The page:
It's been less than a year since Apple launched the iPhone App Store, but now virtually every mobile OS is showcasing its own take on the mobile application storefront. How do they all stack up?
The first thing you'll notice about these efforts—coming from such traditionally competitive companies as Palm, BlackBerry, Nokia and Microsoft—is just how similar they all sound. App World? App Catalog? App Market? Mobile Marketplace? This outward likeness actually runs pretty deep—these stores are advertising uncannily similar feature sets, for both users and developers:
Although it might not evident in the feature-by-feature breakdown above, there are two distinct kinds of app store: The primary store, which is the first and only source of an OS's apps (see Apple), and the secondary store, which is built around an existing stock of third-party apps, and with preexisting developers in mind (see BlackBerry, Microsoft, and Nokia). It's a combination of these different lineages and divergent policy choices that make the smartphone app store experience so varied.
Apple's iPhone App Store
At least for now, the App Store is the standard by which all others are judged. Beyond that, it's given us a rough guide for what works. With a $99 dollar developer's fee and a novice-friendly SDK, the barriers of entry for an iPhone developer are fairly low. Distribution, payments and to a large extent marketing are managed by iTunes, which iPhone owners are necessarily familiar and comfortable with.
And, of course, there's the iPhone: This store may only serve one handset (and its very similar nonphone brother), but it's a wildly popular one. This makes the app store uniquely attractive to developers, because it provides access to the largest uniform app-buying market in the world. Microsoft can argue that Windows Mobile 6.5 will connect developers to x gajillion different customers through y zillion different handsets, but this variety is a curse: Handsets have different resolutions, processors, 3D hardware, input types and basic feature sets. A motion-sensing 3D game with a GPS social networking feature won't work on a lot of WinMo handsets, but a 2D, keypad-controlled Asteroids clone won't make a developer rich.
But the App Store is far from perfect. Apple, like all App Store owners, has the final say in what gets listed, delisted or banned, and they aren't afraid to remind us of this. Along with the typical risque/racist/infringing content prohibitions, Apple enforces strict and often limiting rules against apps that compete with the iPhone's native set—iTunes, Mail.app, Safari to name a few—and apps that their partnered carriers aren't too fond of, i.e video streaming and tethering apps. Now, all these rules are showing signs of loosening with OS 3.0, but as long as the App Store is the sole source of iPhone apps, any rules will seem like too many rules—especially if you're accustomed to a totally unregulated system like Windows Mobile 6.1's. Hence, the gray market.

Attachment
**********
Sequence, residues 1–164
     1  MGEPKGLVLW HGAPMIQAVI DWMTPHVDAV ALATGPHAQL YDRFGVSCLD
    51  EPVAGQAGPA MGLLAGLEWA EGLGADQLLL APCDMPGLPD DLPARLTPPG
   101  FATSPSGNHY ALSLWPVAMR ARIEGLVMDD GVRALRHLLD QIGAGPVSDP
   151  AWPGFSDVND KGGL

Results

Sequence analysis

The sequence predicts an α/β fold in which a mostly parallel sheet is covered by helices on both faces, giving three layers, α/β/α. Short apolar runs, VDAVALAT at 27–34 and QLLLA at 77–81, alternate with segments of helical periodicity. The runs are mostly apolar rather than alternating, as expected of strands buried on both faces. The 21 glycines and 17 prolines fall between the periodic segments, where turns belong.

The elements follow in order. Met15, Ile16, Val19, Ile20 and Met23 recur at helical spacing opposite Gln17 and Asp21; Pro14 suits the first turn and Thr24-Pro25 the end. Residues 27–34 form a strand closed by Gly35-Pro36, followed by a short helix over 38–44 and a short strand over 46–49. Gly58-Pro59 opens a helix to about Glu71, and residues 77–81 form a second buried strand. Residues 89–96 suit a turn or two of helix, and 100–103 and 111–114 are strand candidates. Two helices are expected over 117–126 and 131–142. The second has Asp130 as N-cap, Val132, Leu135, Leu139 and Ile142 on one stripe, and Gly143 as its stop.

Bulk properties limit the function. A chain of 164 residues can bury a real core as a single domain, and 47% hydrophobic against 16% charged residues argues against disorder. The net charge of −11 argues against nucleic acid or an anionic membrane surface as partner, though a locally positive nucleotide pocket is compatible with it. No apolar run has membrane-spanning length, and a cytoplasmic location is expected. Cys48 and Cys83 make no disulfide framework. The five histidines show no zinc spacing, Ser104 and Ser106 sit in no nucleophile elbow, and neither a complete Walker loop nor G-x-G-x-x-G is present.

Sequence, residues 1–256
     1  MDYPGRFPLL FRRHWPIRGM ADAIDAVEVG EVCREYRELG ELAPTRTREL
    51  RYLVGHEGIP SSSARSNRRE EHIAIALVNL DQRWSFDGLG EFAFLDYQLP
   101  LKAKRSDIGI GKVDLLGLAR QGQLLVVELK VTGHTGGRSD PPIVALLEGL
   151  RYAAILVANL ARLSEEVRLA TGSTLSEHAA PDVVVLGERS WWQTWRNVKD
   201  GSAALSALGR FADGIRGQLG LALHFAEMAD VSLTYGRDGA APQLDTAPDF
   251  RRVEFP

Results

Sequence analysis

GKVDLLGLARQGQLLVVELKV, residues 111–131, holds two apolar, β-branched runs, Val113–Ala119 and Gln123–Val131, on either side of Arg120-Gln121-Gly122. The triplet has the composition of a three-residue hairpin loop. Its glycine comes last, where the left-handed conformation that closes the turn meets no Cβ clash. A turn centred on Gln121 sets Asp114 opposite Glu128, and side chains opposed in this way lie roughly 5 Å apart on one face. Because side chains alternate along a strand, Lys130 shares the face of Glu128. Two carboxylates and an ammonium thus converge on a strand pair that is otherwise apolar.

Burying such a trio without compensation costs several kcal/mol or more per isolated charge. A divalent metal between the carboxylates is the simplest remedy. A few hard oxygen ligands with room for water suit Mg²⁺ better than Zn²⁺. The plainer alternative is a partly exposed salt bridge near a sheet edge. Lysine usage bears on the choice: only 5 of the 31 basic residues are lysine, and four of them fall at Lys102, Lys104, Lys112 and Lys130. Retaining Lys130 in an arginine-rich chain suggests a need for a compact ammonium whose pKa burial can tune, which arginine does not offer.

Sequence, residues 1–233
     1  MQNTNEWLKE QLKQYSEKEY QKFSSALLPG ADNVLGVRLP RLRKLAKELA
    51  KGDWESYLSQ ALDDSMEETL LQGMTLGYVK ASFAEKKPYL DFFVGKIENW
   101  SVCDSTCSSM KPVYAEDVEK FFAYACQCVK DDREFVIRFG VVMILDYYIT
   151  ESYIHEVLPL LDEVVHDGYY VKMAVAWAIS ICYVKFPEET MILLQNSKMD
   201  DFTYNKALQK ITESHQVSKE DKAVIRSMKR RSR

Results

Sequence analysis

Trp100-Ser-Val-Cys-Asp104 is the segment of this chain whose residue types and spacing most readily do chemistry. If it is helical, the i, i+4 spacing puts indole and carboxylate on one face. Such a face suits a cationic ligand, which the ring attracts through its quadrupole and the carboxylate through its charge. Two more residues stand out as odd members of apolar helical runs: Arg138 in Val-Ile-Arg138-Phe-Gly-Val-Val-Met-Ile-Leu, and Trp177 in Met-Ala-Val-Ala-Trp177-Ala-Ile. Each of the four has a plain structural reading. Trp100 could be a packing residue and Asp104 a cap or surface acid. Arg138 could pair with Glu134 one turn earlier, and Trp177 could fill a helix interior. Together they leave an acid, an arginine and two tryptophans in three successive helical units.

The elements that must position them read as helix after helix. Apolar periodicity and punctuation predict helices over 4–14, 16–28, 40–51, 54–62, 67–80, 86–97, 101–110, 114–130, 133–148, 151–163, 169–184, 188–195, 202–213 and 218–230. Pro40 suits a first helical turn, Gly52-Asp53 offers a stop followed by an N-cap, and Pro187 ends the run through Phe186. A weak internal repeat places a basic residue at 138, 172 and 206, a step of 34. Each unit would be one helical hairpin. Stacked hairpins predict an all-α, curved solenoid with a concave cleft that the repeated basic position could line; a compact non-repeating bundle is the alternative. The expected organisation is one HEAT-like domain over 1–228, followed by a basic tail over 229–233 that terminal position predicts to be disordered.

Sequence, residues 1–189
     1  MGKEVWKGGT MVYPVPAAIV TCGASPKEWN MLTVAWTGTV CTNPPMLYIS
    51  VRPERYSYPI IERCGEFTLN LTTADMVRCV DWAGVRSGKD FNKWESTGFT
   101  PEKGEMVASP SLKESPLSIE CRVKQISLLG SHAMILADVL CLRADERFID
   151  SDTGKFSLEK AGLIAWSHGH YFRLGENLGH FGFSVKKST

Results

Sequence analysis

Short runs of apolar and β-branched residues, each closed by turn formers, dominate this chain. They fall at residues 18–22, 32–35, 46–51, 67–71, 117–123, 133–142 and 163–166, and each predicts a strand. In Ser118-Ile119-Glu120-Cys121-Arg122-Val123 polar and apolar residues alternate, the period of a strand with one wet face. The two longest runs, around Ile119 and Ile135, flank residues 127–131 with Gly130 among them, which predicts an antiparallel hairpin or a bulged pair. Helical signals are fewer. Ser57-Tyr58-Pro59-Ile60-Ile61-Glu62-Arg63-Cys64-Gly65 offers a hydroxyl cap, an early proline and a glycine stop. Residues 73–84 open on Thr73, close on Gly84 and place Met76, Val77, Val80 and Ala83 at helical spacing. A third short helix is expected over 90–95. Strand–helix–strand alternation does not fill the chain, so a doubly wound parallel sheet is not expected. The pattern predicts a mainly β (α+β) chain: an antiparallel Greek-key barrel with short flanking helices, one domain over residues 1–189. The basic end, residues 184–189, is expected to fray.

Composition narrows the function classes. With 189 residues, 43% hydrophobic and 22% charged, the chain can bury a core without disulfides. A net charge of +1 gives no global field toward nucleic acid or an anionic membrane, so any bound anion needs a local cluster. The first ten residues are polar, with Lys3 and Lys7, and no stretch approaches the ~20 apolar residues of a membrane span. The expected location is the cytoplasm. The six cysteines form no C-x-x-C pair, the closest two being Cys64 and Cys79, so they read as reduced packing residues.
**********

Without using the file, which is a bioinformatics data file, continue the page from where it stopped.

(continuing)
Android App Market
This second major entrant into the app store race represents a consciously different approach than Apple's, but not in that many ways. Immediately, we see a lot to compare: A single-handset userbase (at least for now), low costs for developers and a presence as the primary—though not sole—source of apps from Day One.
But the App Market is a different breed than the App Store. Most importantly, it's not the only place you can get apps. Google has been much more lenient about what they allow in their store since the beginning but in the rare case that they don't approve of an app, as in the case of tethering apps earlier this month, you can just go download an .APK file and sideload it onto your G1 anyway. This is a healthy middle ground for everyone involved; Google doesn't alienate users by destroying entire categories of apps, but isn't forced to come into conflict with carriers because of overly liberal policies. Google has also made their Market more friendly to consumers, with a no-questions 24-hour return policy.
Great! Then why is the App Market so underwhelming? Well, the G1 wasn't exactly a runaway hit, and the store got off to a slow start. Paid apps weren't made available for months after launch, and when they arrived they didn't benefit from the convenience and familiarity of a storefront like iTunes. Moreover, there's no guarantee that things will change that much in the coming months—more handsets from more manufacturers will boost Android's user numbers, but will lead to the WinMo-style toxic fragmentation that Apple so adamantly avoids.
BlackBerry App World
Matt took a dive into the newest mobile app store, and found it agreeable, but not spectacular. RIM's is the beginning of this "secondary" app store concept, and it shows: You'll be hard-pressed to find anything here that wasn't previously available elsewhere. It is simply an aggregator for existing applications.